It was too warm to light the gas log, but having it there was aesthetically pleasant.

They make the maternity waiting rooms much more comfortable these days. I remember metal chairs and a granite floor when my son was born, but that was in 1968. I remember in a different hospital a small room with old dog-eared magazines for expectant fathers when my daughter was born in 1973. It was very early in the middle of the night and I tried to nap this time. I had been assured by the doctor that all would be normal and I had to go to work in the morning. I had done the pacing and hand-wringing the night my son was born.

I was the last to get permission to hold our young family addition, but I was grateful to be on the list. Great grandpa and tiny newborn, Zane. Babies now come with hats.  (Hey, don't judge our appearances, we both had been up all night.

Here he is... little Zane.

So very, very tiny. I still bet he'll be walking in a year.

Happy Birthday, little one. April 27, 2015.

Posted from my Kindle Fire App. Testing...1 ..2..3.  Hey! It works!


Final Day .. Day ONE

I joined Facebook in an effort to stay in contact primarily with my son, daughter and three lovely granddaughters in the easiest and most prevalent electronic format possible. We all live such varied and time-stressed lives that a common forum such as Facebook seemed to fill a void thereby providing a method to eliminate missed phone calls and text messages, allow sharing photos and videos and all the services that Facebook and accompanying Messenger provide free of charge (in exchange for advertising, of course).

Over the next few days, I will be deleting my account on Facebook, removing photos/videos and saying goodbye to everyone. It seems my primary reasons to join Facebook have no reasons to share anything with me. There is no blame on their part, nor would I ever wish to assign any. Having experienced similar life events, I totally understand their points of view. My life journey took me in other directions. It seems that I was unable to pass along a better family life than the one I experienced although I tried very hard for 16 years. I've read that it takes 3 generations to cure that.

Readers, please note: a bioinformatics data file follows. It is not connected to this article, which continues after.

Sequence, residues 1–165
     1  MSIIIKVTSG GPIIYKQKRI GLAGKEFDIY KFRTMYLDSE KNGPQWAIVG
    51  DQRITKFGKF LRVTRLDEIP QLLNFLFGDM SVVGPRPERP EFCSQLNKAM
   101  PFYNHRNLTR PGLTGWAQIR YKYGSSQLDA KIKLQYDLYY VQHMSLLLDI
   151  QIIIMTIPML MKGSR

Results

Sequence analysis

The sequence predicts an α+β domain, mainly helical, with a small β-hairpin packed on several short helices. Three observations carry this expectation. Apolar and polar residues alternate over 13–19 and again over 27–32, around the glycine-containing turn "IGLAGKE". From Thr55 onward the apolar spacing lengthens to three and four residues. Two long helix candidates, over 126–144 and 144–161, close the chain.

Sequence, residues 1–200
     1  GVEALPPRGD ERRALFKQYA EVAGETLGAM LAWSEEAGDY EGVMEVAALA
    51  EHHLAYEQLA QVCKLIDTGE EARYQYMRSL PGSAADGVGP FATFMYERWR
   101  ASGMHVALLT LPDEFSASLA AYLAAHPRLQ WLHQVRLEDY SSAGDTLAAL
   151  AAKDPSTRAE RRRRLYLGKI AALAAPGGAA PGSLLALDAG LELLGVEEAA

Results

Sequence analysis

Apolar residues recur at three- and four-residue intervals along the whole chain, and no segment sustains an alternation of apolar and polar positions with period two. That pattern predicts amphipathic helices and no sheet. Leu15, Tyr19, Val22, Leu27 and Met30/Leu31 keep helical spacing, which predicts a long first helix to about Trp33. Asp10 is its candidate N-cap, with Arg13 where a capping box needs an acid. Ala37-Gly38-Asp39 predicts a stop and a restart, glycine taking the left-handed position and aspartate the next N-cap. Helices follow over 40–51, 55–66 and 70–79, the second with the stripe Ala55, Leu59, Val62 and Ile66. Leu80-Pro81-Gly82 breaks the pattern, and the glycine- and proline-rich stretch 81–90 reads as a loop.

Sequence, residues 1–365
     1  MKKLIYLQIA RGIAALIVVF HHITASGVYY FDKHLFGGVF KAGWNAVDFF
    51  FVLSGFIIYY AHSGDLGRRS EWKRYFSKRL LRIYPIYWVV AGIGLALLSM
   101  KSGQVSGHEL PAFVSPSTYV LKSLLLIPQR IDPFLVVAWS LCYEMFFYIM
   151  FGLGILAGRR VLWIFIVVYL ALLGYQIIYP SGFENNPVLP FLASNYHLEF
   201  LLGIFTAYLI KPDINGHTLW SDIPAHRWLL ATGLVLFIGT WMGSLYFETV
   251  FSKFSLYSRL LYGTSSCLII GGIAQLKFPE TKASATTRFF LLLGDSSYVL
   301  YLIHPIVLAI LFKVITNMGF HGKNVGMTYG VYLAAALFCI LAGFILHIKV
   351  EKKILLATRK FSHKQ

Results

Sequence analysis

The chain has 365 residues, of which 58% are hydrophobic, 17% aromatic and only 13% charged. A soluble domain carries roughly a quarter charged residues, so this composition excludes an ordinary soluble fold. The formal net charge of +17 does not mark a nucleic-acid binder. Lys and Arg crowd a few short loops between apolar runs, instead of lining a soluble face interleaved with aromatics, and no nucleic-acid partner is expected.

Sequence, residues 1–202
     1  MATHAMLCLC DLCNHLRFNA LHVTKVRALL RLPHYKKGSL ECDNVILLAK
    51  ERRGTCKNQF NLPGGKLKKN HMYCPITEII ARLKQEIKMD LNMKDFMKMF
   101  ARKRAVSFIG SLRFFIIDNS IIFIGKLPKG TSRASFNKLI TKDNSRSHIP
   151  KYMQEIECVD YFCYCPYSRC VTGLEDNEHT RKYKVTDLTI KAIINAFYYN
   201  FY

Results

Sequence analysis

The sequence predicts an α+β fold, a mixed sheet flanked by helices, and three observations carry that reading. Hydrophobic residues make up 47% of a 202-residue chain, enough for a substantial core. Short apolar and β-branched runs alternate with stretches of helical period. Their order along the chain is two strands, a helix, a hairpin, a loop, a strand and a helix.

I remained in contact, sharing little pieces of myself online so that, perhaps, some form of dialogue could be rekindled and our relationships likewise. It now seems, this is neither welcome nor desired. It appears that I can't outlive my mistakes or rectify damages done. It seems that I am what I've become.

And so, it is time for me to "get real" with the world and stop living in a fantasy land. Norman Rockwell painted fictional characters, Leave It To Beaver wasn't a real family and neither is so-called "reality tv". Even the words, "I'm from the government and I'm here to help you." is a lie.

I've enjoyed my relationships with each and every one of you, my friends. I wish they could have been better and lasted longer. Goodbye.

Day ONE:

HELLO, Blogger bloggers. (Sounds funnier that way.)

I was gone, but now I'm back. (It doesn't matter why.)

I have a few friends who would like updates on my travels as a full-time, retired traveler in the United States. This blog space, is for you.

For a while, I'll be playing catch-up, then will be getting into pretty much, real time updating - prevailing Wi-Fi hot spots willing.

So, be warned and be ready. I hope you enjoy it.